Tips to Help Fund IVF Treatment
Anyone in the field of infertility knows just how expensive IVF treatment is. According to the NHS Choices website, the average cost of one round of IVF treatment in the private sector is £5000. Usually, more than one treatment cycle is needed. That is a lot of money. Saving to fund this cost takes time, but time is one thing that people struggling with infertility don’t have. If you want to use your own eggs for treatment, then the sooner you start treatment the better. In the UK, the National Institute for Health and Care Excellence (NICE) guidelines recommend that couples be entitled to free cycles on the NHS. But these recommendations are not always realised. Just recently, NHS Vale of York Clinical Commissioning Group (CCG) decided not to fund any NHS IVF treatment.
So, if you are not entitled to NHS treatment, and have to fund treatment privately, here are some tips to help you save you money.
1) Get your blood tests and any infertility tests carried under the NHS via your GP. While it is fair to say that some tests may need to be repeated at the private clinic, a lot of them may not. So you can save money. It will be worth a bit of research to find out what exactly you can do on the NHS even if you are not having a full treatment cycle.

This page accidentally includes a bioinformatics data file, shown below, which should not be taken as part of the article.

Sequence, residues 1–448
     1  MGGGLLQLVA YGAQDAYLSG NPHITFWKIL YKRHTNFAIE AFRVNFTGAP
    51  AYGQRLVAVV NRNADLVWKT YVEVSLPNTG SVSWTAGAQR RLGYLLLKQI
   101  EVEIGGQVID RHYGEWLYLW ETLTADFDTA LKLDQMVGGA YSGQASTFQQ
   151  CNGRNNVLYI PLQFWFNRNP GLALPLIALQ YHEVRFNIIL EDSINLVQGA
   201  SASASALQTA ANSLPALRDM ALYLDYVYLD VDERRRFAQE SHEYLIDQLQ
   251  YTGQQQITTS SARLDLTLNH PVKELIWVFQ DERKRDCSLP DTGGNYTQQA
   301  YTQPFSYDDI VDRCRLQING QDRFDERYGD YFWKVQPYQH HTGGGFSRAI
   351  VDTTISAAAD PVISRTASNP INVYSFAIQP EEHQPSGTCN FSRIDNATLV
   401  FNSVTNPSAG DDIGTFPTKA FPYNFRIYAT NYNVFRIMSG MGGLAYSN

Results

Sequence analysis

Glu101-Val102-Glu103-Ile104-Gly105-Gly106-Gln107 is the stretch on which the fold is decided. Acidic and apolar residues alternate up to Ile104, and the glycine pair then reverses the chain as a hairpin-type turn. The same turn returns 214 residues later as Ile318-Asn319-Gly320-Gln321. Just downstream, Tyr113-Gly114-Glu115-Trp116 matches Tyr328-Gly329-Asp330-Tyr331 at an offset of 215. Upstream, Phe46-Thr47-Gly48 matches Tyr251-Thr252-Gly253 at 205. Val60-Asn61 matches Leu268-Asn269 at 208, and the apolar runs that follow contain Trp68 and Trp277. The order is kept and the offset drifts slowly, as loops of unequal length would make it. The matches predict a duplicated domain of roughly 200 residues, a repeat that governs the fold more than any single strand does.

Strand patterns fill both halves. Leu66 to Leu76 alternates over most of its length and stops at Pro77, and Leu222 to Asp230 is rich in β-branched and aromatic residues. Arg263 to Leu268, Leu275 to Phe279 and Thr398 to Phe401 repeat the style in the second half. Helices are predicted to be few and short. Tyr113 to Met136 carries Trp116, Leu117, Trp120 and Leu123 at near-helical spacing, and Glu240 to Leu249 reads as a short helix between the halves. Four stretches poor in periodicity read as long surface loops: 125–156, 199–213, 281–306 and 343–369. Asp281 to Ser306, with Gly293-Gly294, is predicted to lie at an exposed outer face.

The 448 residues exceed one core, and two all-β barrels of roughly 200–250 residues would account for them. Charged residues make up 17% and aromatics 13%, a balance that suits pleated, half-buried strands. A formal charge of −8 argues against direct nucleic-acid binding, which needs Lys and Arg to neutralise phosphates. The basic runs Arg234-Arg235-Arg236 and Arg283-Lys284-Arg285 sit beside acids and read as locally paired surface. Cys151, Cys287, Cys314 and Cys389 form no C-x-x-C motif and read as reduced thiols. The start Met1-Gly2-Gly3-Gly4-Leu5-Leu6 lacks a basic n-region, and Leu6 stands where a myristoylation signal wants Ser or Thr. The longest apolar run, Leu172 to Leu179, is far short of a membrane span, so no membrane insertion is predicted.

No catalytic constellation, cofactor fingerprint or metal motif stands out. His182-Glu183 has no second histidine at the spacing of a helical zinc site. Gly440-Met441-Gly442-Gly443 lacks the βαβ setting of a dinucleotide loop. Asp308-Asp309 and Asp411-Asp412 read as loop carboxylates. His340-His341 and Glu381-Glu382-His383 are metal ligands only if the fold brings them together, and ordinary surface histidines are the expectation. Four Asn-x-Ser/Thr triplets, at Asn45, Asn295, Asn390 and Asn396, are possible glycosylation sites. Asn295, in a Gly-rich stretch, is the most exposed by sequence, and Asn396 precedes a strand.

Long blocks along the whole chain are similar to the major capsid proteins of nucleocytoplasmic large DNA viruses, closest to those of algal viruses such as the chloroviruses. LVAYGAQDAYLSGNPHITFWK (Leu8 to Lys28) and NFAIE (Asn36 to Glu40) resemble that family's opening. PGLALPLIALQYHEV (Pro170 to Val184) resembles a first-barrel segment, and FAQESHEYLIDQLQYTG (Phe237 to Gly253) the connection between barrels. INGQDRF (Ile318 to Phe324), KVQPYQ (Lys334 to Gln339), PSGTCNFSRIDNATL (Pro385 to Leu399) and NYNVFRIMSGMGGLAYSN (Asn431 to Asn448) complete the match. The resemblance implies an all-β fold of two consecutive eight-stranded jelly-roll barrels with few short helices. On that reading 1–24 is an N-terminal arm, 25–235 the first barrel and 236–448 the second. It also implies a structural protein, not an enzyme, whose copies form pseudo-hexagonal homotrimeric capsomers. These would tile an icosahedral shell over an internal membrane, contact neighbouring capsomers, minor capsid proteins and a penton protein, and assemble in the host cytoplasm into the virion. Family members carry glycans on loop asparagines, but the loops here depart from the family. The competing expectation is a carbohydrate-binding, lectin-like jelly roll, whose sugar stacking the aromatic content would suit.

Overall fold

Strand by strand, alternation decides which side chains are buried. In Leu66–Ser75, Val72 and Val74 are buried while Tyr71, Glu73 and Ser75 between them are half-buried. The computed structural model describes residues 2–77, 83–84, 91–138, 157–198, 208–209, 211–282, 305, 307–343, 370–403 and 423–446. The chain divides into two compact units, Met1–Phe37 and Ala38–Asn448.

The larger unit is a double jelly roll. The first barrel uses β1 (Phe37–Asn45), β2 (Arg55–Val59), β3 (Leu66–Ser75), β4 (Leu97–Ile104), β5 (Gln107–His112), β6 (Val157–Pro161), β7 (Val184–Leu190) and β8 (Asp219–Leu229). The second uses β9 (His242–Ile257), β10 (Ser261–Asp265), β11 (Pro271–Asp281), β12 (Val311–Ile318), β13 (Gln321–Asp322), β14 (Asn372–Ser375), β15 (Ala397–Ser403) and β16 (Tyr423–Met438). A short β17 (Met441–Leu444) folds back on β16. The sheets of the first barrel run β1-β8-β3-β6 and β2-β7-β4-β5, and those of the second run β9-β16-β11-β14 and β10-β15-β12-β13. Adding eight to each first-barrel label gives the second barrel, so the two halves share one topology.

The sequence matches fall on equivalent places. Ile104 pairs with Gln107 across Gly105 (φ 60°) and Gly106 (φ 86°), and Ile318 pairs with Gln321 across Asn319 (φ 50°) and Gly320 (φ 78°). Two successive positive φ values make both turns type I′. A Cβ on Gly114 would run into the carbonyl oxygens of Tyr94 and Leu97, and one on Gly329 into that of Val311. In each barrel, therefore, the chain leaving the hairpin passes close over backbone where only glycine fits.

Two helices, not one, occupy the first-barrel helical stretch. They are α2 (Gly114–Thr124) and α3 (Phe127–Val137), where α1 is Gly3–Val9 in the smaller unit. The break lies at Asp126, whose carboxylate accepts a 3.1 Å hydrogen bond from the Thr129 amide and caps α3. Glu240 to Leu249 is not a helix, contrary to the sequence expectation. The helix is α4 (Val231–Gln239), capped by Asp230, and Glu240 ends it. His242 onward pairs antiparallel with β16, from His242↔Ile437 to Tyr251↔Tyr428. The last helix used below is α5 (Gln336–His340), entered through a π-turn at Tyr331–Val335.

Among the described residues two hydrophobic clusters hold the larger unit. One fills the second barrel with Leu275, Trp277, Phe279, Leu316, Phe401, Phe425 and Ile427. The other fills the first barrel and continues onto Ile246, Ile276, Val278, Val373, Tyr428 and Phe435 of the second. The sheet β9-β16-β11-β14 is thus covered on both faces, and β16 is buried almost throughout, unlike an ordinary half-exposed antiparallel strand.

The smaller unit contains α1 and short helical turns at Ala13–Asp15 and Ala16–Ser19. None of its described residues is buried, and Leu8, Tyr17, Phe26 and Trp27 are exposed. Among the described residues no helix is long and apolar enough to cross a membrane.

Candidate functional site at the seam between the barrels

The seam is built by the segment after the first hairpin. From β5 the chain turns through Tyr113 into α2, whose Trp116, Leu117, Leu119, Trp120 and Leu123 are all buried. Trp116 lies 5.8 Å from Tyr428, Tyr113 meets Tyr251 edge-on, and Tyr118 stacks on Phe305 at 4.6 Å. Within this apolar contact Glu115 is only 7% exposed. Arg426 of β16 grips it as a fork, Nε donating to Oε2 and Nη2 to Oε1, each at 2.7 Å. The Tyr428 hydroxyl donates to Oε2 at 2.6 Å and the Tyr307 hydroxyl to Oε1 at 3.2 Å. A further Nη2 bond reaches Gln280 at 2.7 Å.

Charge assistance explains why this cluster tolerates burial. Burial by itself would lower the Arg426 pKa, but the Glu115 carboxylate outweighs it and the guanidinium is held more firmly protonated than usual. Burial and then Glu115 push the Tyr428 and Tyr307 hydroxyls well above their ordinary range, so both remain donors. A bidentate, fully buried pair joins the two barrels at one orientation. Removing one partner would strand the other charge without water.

2) You may also be able to reduce your costs in a private clinic by offering to donate half of your eggs or donate sperm for others to use. This may not be everyone’s choice but it is an option. NHS Choices also suggests asking about a package of treatment which may be cheaper in the long run.
3) Don’t buy your drugs from the clinic, get a prescription for them and buy them elsewhere. Shop around. Asda says that its IVF drugs are £805 cheaper than independents.
4) Consider going abroad for IVF treatment. As you are aware, this website offers information and resources for people who are considering this route. Prices are on the whole much cheaper abroad. But you do need to consider many factors:
- Additional travel costs
- The stress involved in travelling for treatment
- The laws and regulations which are applicable
- Whether the clinic is suitable for you and your needs
Thousands of people do travel abroad every year for treatment so it is quite common and many IVF clinics abroad have staff specifically in roles to support travelling couples and singles. It is not everyone’s choice, but it is an option as the treatments can be up to half what they cost in the UK.
Do you have any tips to help other couples save money on IVF treatment?